Are Young People In Danger From The Coronavirus?

The COVID-19 coronavirus is causing panic and anxiety around the world. While wealthy people may have better ways of lowering the risk of catching the disease, it looks like the majority of the globe's population will have to pay close attention to the World Health Organization's instructions on limiting the chances of getting infected. That means you need to wash your hands, maintain at least six feet of distance from others, cover your sneezes and coughs, and try not to touch your face. But how are kids, the most vulnerable people in the world — and the people who literally touch everything, never wash their hands, and don't know the meaning of the phrase "personal space" — supposed to weather this burgeoning pandemic? Just how much of a threat does the coronavirus pose to children and young people overall?   

Young people don't seem to be in mortal danger from coronavirus

According to WHO's advice for the public, people of all ages are at risk for catching the coronavirus and feeling its ill-effects. WHO urges everyone to work hard at practicing good hygiene and social-distancing to avoid getting infected with the disease. However, there is a portion of the population that is more vulnerable to the negative effects of the disease: older people and those with medical conditions like diabetes, heart disease, and asthma, who are all more likely to get "severely ill," according to WHO.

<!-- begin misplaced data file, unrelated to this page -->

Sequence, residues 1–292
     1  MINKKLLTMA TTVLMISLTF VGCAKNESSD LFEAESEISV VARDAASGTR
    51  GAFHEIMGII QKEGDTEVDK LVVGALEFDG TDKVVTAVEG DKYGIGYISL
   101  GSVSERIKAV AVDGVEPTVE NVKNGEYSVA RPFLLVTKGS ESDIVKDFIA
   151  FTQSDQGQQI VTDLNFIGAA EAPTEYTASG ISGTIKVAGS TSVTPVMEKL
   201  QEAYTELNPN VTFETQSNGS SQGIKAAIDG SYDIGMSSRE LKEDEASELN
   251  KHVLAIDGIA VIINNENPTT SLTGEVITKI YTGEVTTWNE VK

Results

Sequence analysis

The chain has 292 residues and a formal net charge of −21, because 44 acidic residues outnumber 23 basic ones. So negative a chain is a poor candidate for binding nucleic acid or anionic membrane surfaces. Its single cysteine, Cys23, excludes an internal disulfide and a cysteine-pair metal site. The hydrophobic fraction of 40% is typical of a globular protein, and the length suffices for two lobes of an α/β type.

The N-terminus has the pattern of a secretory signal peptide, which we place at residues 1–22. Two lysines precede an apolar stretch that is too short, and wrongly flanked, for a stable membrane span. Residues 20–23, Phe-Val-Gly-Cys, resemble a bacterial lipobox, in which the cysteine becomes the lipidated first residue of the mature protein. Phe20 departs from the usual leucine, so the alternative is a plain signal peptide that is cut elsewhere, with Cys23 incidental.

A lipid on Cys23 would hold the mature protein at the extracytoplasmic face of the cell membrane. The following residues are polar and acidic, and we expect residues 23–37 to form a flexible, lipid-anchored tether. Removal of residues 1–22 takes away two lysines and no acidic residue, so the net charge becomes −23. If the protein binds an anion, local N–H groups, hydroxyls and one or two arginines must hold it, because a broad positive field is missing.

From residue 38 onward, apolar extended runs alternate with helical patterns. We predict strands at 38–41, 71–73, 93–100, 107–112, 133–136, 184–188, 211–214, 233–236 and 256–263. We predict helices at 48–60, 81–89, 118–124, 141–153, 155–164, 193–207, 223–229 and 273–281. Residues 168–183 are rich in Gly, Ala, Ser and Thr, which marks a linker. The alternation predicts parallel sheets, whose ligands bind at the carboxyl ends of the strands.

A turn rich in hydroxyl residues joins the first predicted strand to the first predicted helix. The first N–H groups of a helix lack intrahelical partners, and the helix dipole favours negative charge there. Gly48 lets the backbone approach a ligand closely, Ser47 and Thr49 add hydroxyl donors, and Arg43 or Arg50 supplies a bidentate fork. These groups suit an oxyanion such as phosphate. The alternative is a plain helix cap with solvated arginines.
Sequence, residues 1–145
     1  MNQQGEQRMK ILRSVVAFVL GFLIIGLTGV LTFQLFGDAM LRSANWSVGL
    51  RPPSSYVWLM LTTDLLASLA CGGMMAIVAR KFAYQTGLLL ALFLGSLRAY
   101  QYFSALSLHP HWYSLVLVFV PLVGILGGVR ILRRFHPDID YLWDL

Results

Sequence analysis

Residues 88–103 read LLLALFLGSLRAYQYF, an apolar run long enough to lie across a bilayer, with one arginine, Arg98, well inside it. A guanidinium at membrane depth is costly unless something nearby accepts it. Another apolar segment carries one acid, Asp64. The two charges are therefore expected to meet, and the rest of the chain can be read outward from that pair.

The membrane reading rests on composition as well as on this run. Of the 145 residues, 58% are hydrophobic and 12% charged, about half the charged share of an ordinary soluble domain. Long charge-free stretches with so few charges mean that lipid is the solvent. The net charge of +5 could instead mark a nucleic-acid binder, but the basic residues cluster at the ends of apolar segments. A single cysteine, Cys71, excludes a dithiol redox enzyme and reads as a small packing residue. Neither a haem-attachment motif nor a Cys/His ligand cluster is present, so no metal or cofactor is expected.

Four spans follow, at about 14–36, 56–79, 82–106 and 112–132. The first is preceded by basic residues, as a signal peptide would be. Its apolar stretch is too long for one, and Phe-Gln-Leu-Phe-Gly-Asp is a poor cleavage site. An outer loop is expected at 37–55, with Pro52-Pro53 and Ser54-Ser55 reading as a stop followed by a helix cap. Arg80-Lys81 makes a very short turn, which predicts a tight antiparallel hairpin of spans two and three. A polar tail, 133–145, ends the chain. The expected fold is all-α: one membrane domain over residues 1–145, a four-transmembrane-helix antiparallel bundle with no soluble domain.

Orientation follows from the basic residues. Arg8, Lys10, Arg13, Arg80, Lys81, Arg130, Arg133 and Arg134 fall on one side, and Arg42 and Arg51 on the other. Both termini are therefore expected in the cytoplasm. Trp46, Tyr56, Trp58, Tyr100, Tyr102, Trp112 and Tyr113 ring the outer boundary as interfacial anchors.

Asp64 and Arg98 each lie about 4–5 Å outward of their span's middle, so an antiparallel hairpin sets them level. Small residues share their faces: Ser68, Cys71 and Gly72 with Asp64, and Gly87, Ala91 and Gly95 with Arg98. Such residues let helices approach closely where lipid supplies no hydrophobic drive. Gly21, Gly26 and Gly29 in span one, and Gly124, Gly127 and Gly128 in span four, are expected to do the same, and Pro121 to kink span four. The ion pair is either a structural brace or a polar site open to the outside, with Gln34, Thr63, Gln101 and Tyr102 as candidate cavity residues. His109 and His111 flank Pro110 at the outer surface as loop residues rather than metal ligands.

Fortunately for kids and parents alike, being young and having no underlying medical conditions means you're unlikely to die from the disease, according to the BBC's Head of Statistics, Robert Cuffe. In early March, 2020, Cuffe presented a graphic that originated with the Chinese Center for Disease Control & Prevention, which showed that, up to about a month before that presentation, no coronovirus patients under nine years old had died from the disease. Moreover, the lowest death rates among those stricken with the disease were for patients under 30 years old.

Obviously as the pandemic spreads and health officials and scientists gather more data, these statistics could change. But for now, it seems as though younger people are the least likely to succumb to the coronovirus's lethal potential. Even still, just because you won't die from the disease doesn't mean you can't catch it and spread it to those who can. Make sure you wash your hands and stay home if you don't have to leave the house — at least until well after this pandemic has peaked.